Various problems can occur with medical devices, ranging from lower-priority issues to potentially life-threatening ones. Problems can results in the issuance of recalls or safety notices from the manufacturer or safety alerts from organizations like FDA or ECRI Institute. Notices from these organizations are meant to inform facilities about identified problems before additional incidents occur.
Health care facilities must respond appropriately to such alerts to avoid preventable injury.
Sourced from ECRI Institute.
OMNI: First-ever platform to launch citizen RPA developers
Robotic process automation (RPA) is the fastest growing segment of the enterprise software market due to its many benefits - from reducing manual errors to processing tasks faster. For businesses to truly benefit from this technology, RPA needs democratisation, and this is where citizen RPA development comes in.
Gartner describes a citizen RPA developer as "a user who creates new business applications for consumption by others using development and runtime environments sanctioned by corporate IT.” This could be anyone using IT tools and technology, not limited to IT specialists.
The work citizen RPA developers do spans from identifying automation opportunities to developing RPA architecture and solution proposals, focusing on scalability and extensibility. By deploying citizen RPA developers, organisations can enable enterprise automation and digital transformation on a much larger scale.
This is particularly beneficial for businesses struggling to undertake digital transformation, as a citizen RPA development programme can help drive adoption of automation as a strategic growth driver at multiple levels. With increased adoption, the cost of digital transformation becomes lower, increasing RoI.
Technology needs to be democratised – right from low-code and no-code platforms, business process modelling and identifying automation opportunities to decision-makers at all levels, creating a pool of early adopters. This group could comprise people across different functions, especially those who are aware of customer preferences, industry trends and end user experience.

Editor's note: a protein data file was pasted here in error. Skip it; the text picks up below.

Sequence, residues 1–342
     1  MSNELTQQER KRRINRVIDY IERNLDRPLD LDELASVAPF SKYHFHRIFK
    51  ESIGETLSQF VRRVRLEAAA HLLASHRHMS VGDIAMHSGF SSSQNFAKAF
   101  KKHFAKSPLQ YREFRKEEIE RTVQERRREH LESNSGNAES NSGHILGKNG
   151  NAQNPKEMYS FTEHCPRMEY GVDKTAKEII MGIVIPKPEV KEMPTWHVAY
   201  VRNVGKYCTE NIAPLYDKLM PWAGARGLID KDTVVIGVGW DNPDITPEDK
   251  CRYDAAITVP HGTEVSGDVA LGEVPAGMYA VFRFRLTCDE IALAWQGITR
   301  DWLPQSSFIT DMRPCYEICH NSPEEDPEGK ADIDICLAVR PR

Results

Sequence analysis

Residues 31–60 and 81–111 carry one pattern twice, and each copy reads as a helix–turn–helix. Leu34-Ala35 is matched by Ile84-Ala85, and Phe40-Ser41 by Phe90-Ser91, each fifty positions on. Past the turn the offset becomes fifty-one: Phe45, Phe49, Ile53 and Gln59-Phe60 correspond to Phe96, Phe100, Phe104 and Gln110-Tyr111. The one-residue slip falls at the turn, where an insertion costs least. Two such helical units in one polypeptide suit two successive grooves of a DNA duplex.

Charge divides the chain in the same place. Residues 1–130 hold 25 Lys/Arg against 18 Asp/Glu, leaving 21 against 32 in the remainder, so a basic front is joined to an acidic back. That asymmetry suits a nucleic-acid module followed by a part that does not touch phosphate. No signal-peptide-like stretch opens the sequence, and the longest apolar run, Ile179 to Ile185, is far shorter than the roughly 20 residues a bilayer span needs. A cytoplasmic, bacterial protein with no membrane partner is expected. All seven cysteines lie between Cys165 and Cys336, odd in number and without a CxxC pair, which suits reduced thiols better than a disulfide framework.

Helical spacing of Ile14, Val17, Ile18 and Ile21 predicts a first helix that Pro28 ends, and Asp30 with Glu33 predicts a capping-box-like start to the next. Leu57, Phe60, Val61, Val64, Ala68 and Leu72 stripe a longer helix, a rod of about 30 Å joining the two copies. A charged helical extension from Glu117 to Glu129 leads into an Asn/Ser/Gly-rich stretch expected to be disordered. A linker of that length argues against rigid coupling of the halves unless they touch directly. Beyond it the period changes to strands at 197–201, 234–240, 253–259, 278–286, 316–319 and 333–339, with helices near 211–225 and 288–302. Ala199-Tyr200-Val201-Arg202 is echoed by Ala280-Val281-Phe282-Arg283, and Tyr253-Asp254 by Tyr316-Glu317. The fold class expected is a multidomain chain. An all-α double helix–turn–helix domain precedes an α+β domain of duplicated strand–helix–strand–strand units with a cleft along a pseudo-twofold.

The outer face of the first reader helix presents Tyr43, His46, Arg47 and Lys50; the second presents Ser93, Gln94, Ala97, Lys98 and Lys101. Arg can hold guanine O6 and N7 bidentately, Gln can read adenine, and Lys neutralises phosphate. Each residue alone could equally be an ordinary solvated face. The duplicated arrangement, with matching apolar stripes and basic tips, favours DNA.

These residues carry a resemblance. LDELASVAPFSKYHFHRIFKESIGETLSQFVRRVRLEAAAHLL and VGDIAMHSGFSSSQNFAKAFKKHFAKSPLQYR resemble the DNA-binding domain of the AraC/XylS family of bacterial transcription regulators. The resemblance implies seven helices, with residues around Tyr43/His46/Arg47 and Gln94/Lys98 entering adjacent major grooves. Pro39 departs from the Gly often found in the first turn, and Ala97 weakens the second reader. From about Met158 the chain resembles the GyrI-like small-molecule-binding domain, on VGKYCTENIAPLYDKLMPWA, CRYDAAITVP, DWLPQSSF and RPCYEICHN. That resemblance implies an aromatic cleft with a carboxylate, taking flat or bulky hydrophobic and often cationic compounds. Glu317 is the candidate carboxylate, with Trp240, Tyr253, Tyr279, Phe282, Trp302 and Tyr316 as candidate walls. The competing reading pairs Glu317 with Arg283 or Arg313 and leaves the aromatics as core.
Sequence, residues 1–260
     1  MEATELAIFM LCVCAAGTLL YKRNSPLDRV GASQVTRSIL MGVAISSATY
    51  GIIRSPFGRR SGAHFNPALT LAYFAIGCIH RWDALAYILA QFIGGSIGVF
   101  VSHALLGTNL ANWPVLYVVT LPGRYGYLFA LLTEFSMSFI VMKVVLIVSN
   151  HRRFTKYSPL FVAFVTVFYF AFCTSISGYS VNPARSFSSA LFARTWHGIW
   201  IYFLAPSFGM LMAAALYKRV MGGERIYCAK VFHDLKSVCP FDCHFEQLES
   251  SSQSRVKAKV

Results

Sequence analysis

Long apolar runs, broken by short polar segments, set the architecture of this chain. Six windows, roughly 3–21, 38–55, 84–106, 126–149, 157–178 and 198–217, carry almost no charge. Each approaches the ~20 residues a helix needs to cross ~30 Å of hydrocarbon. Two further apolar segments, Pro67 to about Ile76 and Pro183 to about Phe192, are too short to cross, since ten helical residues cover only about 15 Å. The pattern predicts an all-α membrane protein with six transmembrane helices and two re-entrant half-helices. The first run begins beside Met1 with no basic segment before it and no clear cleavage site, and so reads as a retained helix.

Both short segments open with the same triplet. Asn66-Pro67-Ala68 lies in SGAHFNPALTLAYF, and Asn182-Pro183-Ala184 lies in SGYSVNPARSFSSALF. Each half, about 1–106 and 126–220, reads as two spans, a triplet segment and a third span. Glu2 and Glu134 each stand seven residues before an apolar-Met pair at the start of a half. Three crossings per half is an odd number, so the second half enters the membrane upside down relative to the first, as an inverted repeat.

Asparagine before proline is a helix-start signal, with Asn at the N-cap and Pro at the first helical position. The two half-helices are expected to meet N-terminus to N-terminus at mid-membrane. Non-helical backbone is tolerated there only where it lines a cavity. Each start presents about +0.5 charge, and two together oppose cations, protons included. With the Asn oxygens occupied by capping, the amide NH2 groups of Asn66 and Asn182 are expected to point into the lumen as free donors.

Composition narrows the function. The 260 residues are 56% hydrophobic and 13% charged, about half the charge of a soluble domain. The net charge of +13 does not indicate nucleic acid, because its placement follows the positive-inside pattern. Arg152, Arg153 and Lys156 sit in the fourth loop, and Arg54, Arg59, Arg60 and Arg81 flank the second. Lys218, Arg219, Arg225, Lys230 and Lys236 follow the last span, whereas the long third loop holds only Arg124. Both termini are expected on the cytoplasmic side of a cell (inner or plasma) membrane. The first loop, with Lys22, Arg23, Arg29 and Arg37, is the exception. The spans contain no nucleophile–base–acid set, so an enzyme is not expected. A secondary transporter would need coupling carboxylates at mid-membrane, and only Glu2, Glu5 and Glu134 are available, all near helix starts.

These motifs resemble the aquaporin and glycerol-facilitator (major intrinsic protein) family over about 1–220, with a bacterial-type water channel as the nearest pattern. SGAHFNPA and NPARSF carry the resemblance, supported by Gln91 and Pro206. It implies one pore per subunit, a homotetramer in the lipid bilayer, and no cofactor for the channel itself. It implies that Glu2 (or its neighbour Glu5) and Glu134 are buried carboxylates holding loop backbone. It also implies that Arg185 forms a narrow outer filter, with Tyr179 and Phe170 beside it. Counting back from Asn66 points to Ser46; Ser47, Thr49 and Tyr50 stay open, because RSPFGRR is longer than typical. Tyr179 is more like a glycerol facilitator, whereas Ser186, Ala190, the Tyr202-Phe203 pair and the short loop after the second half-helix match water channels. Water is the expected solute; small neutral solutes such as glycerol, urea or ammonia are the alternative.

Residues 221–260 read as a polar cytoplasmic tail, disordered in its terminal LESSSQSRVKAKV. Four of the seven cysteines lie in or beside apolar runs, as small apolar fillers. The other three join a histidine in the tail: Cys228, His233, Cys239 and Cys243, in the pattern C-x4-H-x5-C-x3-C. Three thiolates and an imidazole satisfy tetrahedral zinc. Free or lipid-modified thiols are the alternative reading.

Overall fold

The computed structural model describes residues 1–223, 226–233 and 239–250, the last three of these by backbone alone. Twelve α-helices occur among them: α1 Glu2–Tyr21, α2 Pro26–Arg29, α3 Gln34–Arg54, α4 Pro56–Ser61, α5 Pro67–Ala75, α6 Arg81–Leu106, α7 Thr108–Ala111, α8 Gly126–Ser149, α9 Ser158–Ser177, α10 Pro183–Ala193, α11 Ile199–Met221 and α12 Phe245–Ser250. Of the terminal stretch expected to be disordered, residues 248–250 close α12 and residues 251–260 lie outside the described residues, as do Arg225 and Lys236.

But how can organisations harness the power of citizen RPA development? Step forward AiRo Digital Labs, a Chicago-headquartered global tech company.
AiRo provides innovative digital and automation solutions for the healthcare, pharmaceutical and life sciences sectors. In 2021 they launched OMNI, a subscription-based, SaaS platform to help clients accelerate their citizen RPA developer program and build digital centres of excellence (COE) within their organisation.
OMNI provides a personal RPA coach and virtual digital playground that helps enterprises rapidly build and scale automation, removing the risk of failure or talent gaps. The latter is key as research has shown that digitalisation is far more successful when championed by internal employees.
This has the added bonus of empowering employees - who will self-learn technologies including robotic process automation (RPA), artificial intelligence, machine learning, chatbots, and natural language processing (NLP), reducing the lead time for new applications and technology, as well as reducing technical gaps, making up for skills shortages and enabling their business to respond faster to critical market challenges. The virtual sandbox within OMNI gives access to all the major intelligent automation platforms where citizen RPA developers can build DIY digital prototypes. Additionally, they can access more than 150 digital assets within OMNI marketplace.
The platinum helpdesk of OMNI acts as your personal coach and is available 24 x 7 to address issues during the digital learning, prototype building, and digital governance journey.
Another key benefit is that it enables digitalisation to be bespoke to each organisation, compared to off-the-shelves initiatives plugged into the enterprise. Individual organisation's objectives decide the scope and size of the process.
As Gartner state, in today’s world of SaaS, cloud, low-code and “no-code” tools, everyone can be a developer.